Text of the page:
Euphorbia L.

(incl. Chamaesyce Gray, Poinsettia J. Graham)

Literature: Durand (1899), Verdus (1964), Smith & Tutin (1968), El Hadidi & Fayed (1978), Turner (1983), Oudejans (1990), Oudejans (1992), Turner (1994), Jauzein (1995), Heubl & Wanner (1996), Carter & Cullen (1997), Benedí & al. (2000), Govaerts & al. (2000), Radcliffe-Smith (2001), Lambinon & al. (2004), van der Meijden (2005), Bruyns & al. (2006), Mabberley (2008), Verloove & Lambinon (2008), Hoste & al. (2009), Jäger & Werner (2005), Jäger & al. (2008),  Sell & Murrell (2009), Stace (2010), Zimmermann & al. (2010) & Lambinon & Verloove (2012). The following references exclusively deal with subgenus Chamaesyce: Huguet (1969), Mulligan (1978), Huguet (1978), Klotz (1984), Koutnik (1987), Benedí & Orell (1992), Verloove & Vandenberghe (1996), Hügin (1997, 1998, 1999), Kervyn & Lambinon (2000), Georges & al. (2003), Schröck & al. (2006), Röthlisberger (2007), Morche (2011), Pahlevani & Riina (2011), Bátori & al. (2012), Halford & Harris (2012), Yang & al. (2012) and Often & al. (2013). There is a vast literature dealing with the subgenus Chamaesyce (chiefly local treatments). Numerous additional references are found in the publications cited above.

As currently understood (see Zimmermann & al. 2010) Euphorbia is an exceedingly variable and nearly cosmopolitan genus of about 2000 species. It is particularly well-represented in the warmer regions of the world. About ten species are usually accepted as native in Belgium as well (or at least archaeophytic) but residence status of some is more or less controversial (Lambinon & Verloove 2012): Euphorbia amygdaloides L. (subsp. amygdaloides), E. cyparissias L., E. dulcis L. subsp. incompta (Cesati) Nyman, E. esula L. (subsp. esula), E. exigua L., E. helioscopia L., E. paralias L., E. peplus L., E. platyphyllos L. and E. stricta L. Generic limits of Euphorbia have long been contested. Especially the recognition of Chamaesyce as a distinct genus was controversial. It was traditionally merely included as a subgenus in Euphorbia (see for instance Govaerts & al. 2000, Lambinon & al. 2004, Bruyns & al. 2006, Mabberley 2008). However, Koutnik (1987) recommended segregation from Euphorbia and subsequently this viewpoint was increasingly followed (see also Radcliffe-Smith 2001). However, recent molecular phylogenetic research, on the contrary, strongly suggests amalgamation of all species with cyathial glands in a broadly circumscribed genus Euphorbia (Zimmermann & al. 2010). Yang & al. (2012) stressed that seven previous molecular studies, with ca. 1/3 of all species of Euphorbia sampled, always yielded the same results. In a broad sense Euphorbia is monophyletic and includes four subgenera. Subgenus Euphorbia accommodates all native species while subgenus Chamaesyce includes several non-native species in Belgium. These are represented in two of the 15 sections of this subgenus: section Anisophyllum, subsection Hypericifoliae that encompasses all prostrate spurges and section Poinsettia, subsection Stormieae with E. dentata s.l. and E. heterophylla. The present treatment of Euphorbia is in accordance with these concepts.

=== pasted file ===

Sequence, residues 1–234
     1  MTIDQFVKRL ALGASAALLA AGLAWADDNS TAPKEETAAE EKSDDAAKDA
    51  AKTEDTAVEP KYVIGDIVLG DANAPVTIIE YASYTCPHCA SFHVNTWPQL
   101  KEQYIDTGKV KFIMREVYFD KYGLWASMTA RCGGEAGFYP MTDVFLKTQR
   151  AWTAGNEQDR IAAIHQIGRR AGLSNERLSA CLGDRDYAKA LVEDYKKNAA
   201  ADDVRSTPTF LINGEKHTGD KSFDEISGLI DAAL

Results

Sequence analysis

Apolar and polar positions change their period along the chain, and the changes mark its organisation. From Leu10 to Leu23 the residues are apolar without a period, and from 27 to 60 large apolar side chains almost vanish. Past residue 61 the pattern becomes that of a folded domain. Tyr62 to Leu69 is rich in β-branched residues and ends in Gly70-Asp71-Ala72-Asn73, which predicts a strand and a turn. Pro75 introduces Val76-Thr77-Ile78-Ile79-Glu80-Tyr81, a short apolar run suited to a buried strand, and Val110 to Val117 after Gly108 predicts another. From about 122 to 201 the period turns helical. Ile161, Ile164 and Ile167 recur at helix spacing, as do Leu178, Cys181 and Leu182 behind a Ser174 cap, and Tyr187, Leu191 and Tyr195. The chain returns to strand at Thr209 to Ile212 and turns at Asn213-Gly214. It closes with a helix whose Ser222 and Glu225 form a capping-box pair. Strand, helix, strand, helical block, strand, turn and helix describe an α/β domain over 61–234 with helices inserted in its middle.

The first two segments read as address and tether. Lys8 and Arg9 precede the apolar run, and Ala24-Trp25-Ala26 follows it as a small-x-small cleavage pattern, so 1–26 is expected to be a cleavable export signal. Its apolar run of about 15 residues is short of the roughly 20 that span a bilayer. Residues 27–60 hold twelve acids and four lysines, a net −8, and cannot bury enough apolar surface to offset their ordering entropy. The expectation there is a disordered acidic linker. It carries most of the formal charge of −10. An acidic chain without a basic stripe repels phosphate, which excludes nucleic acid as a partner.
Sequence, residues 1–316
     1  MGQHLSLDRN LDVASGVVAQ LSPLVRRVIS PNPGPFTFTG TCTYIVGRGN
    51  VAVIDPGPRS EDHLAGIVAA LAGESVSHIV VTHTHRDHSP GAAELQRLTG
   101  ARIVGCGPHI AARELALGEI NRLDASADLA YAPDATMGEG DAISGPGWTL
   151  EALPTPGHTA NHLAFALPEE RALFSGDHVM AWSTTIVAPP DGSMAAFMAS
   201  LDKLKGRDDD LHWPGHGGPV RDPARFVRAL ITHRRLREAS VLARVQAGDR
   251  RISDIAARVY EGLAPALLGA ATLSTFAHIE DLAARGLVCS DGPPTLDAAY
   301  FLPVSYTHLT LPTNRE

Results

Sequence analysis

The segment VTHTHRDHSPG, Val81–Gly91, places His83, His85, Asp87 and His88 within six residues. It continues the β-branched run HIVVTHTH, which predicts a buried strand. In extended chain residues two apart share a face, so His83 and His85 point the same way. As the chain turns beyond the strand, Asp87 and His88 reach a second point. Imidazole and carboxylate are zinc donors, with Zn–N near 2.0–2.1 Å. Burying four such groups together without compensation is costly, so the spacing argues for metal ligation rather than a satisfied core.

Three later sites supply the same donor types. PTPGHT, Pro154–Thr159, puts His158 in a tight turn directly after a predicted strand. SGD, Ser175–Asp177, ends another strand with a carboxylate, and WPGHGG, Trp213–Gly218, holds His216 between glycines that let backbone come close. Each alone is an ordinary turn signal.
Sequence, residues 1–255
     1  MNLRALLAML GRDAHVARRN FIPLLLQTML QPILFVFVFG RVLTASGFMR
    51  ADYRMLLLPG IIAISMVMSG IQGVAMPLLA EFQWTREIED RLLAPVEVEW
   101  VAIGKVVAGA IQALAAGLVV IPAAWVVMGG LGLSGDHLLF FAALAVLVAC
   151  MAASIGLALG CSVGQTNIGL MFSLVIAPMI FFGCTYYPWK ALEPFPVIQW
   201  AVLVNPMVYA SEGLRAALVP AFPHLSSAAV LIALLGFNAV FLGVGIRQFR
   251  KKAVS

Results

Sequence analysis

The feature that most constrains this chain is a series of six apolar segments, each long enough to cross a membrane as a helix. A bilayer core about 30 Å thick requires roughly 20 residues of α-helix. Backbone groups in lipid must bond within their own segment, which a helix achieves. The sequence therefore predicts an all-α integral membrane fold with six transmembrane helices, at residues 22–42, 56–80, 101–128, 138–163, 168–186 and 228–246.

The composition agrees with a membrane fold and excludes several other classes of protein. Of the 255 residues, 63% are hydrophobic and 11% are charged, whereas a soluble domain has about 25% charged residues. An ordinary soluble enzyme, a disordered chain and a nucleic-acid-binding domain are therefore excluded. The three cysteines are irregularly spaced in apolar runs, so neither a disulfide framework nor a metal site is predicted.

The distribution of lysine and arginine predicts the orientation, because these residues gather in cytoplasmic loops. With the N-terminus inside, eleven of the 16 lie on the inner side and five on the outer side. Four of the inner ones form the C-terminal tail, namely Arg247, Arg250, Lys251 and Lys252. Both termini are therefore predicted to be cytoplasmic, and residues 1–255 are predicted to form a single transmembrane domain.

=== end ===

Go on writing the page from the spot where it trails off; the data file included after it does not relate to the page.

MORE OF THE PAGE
Euphorbia is economically important: it includes numerous ornamental and weedy species.

1       Leaves opposite, often markedly asymmetrical at base. Stipules present. Plant often procumbent, rarely erect. Always annual (Chamaesyce) === 2

         Leaves alternate or rarely opposite, symmetrical at base. Stipules absent. Plant usually erect (more rarely more or less procumbent). Perennial, biennial or annual === 11

2       Capsules and stem hairy === 3

         Capsules glabrous. Stem glabrous or hairy === 5

3       Capsules with all hairs appressed, uniformly distributed. Leaves usually with a central purplish spot === Euphorbia maculata

         Capsules with all hairs patent, hairy on angles only or hairy all over. Leaves not spotted === 4

4       Capsule mostly hairy on angles. Seed deeply transversely furrowed === E. prostrata

         Capsule hairy all over. Seed tuberculate-rugose, not furrowed === E. chamaesyce p.p.

5       Stem erect. Cyathia in clusters. Largest leaves > 15 mm long === 6

         Stem procumbent. Cyathia solitary in leaf-axils. Leaves mostly < 15 mm long === 7

6       Plant hairy (at least in upper part and young leaves). Capsule > 1,9 mm long === E. nutans

         Plant glabrous. Capsule < 1,9 mm long === E. glomerifera

7       Leaves 2-4x as long as wide, nearly entire, more or less falcate. Seeds with 4-7 very prominent ridges === E. glyptosperma